3. Simplification of performance measures


Keeping simplicity, prioritisation and efficiency front of mind when simplifying the Output Specification, Performance Regime and Payment Mechanism, BHL and BCC have reduced their Key Performance Indicators(KPIs) to 169 as opposed to over 600 that were in the original PFI contract.


This has been further simplified down to a total of 24 “Priority Performance Targets” have been defined. These now only cover the most critical and safety related performance requirements to be efficient. For example, for traffic signs the subcontractor will have to ensure no Traffic Signal Controller is >20 years old at the end of each Contract Year. Failure to comply will incur deductions and/or accrue Service Failure Points.


A total of 145 Routine Performance Targets” have been defined, which cover other requirements of the service delivery and are proposed in a way that optimises and aligns with how the Operating Sub-Contractor will deliver the services.


4. Creation of a Dispute Avoidance Board (DAB)


A fast-track dispute resolution mechanism has been included to ensure any issues are resolved quickly and efficiently. Part of this is a new the introduction of a DAB intended to facilitate the early resolution of disputes, in particular those of a technical nature.


The DAB would have three independent members appointed by the agreement of BHL, BCC and the Operating Sub-Contractor. It is anticipated that the DAB would potentially meet quarterly to understand any issues affecting the delivery of Services and to provide its view on any disputes/issues referred to it.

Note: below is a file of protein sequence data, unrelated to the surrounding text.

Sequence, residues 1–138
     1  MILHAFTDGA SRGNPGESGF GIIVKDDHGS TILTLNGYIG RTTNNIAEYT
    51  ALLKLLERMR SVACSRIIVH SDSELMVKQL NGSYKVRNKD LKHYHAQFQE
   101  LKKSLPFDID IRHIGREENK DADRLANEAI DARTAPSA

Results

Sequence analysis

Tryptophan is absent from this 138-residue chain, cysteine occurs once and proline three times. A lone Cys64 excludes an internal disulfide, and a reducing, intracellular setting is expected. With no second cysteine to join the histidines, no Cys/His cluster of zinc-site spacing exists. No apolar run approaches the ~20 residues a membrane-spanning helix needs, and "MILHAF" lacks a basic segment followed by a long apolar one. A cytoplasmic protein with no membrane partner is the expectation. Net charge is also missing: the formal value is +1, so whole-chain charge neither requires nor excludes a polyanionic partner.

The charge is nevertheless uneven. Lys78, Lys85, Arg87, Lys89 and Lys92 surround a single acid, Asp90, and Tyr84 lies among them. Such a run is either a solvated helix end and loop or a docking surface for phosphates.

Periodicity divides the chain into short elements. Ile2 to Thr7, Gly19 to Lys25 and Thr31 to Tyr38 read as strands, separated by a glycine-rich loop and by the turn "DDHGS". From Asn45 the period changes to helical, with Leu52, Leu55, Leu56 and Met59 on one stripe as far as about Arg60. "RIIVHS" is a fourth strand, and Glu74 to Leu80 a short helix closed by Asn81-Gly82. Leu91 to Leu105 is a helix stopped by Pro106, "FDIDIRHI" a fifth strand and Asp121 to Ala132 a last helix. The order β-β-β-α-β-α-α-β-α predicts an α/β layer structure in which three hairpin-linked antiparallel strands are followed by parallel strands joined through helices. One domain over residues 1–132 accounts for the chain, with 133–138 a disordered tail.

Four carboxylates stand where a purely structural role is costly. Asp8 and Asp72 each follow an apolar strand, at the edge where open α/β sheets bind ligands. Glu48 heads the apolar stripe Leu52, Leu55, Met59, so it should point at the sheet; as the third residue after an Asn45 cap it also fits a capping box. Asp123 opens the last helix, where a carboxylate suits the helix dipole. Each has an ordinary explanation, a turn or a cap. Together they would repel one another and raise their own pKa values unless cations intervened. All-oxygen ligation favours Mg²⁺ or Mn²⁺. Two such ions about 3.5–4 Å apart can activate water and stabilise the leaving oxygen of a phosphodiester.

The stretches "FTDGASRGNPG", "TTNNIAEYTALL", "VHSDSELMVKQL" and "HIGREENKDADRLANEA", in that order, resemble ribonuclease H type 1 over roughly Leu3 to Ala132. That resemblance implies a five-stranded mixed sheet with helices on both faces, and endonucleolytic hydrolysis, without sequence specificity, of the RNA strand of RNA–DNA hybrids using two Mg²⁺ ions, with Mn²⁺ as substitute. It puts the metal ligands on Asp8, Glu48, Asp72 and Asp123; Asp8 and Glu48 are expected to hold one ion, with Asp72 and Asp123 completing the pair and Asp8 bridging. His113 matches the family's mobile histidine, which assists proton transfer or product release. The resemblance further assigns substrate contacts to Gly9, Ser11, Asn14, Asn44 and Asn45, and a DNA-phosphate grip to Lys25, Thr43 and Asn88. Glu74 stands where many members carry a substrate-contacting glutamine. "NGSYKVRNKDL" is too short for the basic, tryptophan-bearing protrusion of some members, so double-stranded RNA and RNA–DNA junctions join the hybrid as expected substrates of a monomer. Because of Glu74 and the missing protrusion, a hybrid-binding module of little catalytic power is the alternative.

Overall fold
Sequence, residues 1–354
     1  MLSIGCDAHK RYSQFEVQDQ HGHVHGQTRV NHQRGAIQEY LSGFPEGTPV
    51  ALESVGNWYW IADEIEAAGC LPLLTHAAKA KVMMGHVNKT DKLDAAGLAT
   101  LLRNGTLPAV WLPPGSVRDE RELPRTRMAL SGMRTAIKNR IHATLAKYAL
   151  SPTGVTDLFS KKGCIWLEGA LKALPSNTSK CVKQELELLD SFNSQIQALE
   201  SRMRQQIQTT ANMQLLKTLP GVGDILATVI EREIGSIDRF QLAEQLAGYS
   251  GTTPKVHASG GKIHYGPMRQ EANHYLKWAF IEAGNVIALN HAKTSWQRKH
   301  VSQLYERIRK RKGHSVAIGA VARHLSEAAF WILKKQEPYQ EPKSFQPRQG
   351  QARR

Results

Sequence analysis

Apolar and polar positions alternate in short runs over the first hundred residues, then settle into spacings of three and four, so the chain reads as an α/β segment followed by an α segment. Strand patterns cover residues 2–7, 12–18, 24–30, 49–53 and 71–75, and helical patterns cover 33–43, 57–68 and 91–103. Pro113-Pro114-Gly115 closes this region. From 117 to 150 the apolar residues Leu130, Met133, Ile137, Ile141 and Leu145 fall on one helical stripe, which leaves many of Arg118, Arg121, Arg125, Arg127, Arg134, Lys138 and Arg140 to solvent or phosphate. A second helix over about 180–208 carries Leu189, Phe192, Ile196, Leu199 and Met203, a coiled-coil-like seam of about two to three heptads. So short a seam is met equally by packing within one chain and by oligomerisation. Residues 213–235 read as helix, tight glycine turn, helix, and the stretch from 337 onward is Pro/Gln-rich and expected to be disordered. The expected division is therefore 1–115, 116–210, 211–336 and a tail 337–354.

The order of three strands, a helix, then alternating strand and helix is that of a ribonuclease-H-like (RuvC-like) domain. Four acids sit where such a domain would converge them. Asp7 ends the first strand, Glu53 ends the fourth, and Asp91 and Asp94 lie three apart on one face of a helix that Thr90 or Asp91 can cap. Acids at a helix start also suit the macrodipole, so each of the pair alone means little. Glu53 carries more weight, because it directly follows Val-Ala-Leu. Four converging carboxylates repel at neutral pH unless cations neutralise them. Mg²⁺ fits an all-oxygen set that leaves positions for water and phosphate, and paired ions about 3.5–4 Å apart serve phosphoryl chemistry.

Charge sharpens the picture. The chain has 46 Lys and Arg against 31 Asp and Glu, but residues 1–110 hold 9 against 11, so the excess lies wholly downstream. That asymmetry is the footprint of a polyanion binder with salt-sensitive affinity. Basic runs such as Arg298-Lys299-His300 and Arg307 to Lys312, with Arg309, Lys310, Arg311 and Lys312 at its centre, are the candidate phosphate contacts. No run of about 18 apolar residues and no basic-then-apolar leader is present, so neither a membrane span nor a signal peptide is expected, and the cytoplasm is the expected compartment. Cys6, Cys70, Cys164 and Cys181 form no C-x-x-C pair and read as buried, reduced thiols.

5. New Contractual Governance Structures


In addition to the DAB a new technical arbitration panel and Highways Oversight Board (HOB) have been created to meet quarterly or as required.


The technical arbitration panel will provide the necessary support in advance of the DAB and allow the parties to undertake necessary levels of technical analysis. The HOB is an additional layer of project governance, including representatives from BHL, BCC and the Operating Sub-Contractor who are not involved on a day-to-day basis, instead leading on strategic matters.

The HOB is an essential addition to governance to ensure strategic oversight for the project and engagement at a senior level across project stakeholders. The HOB will help maintain and steer the right culture from the top down and direct strategy as applicable. The HOB, as well as other layers of project governance, will help optimise collaboration and in turn facilitate a better delivery for Birmingham.


These five major changes demonstrate the lessons BCC and BHL have learned from the original PFI and issue with Amey. They also are based on the data gathered during the interim phase of service delivery, specifically the Management Information System (MIS) implemented in the interim period. The MIS will allow for a data led procurement process and give bidders sufficient information to undertake due diligence.


The whole tender process has been structured over a period of nine months to provide bidders with the opportunity to actively participate in dialogue too. Therefore, allowing detailed reviews, analysis and changes to be made to the new contract as currently proposed.